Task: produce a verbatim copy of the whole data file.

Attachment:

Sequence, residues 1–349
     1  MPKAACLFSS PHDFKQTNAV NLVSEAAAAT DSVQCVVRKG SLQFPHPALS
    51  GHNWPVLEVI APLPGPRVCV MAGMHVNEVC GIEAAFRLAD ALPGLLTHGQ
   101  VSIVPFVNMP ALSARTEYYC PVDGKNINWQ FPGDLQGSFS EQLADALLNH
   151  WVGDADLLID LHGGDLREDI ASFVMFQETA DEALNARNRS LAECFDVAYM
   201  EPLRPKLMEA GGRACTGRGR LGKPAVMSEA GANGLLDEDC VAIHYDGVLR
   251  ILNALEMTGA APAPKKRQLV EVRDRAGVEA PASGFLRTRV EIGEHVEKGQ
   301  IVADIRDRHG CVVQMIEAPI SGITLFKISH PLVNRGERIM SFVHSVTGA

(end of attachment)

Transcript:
Sequence, residues 1–349
     1  MPKAACLFSS PHDFKQTNAV NLVSEAAAAT DSVQCVVRKG SLQFPHPALS
    51  GHNWPVLEVI APLPGPRVCV MAGMHVNEVC GIEAAFRLAD ALPGLLTHGQ
   101  VSIVPFVNMP ALSARTEYYC PVDGKNINWQ FPGDLQGSFS EQLADALLNH
   151  WVGDADLLID LHGGDLREDI ASFVMFQETA DEALNARNRS LAECFDVAYM
   201  EPLRPKLMEA GGRACTGRGR LGKPAVMSEA GANGLLDEDC VAIHYDGVLR
   251  ILNALEMTGA APAPKKRQLV EVRDRAGVEA PASGFLRTRV EIGEHVEKGQ
   301  IVADIRDRHG CVVQMIEAPI SGITLFKISH PLVNRGERIM SFVHSVTGA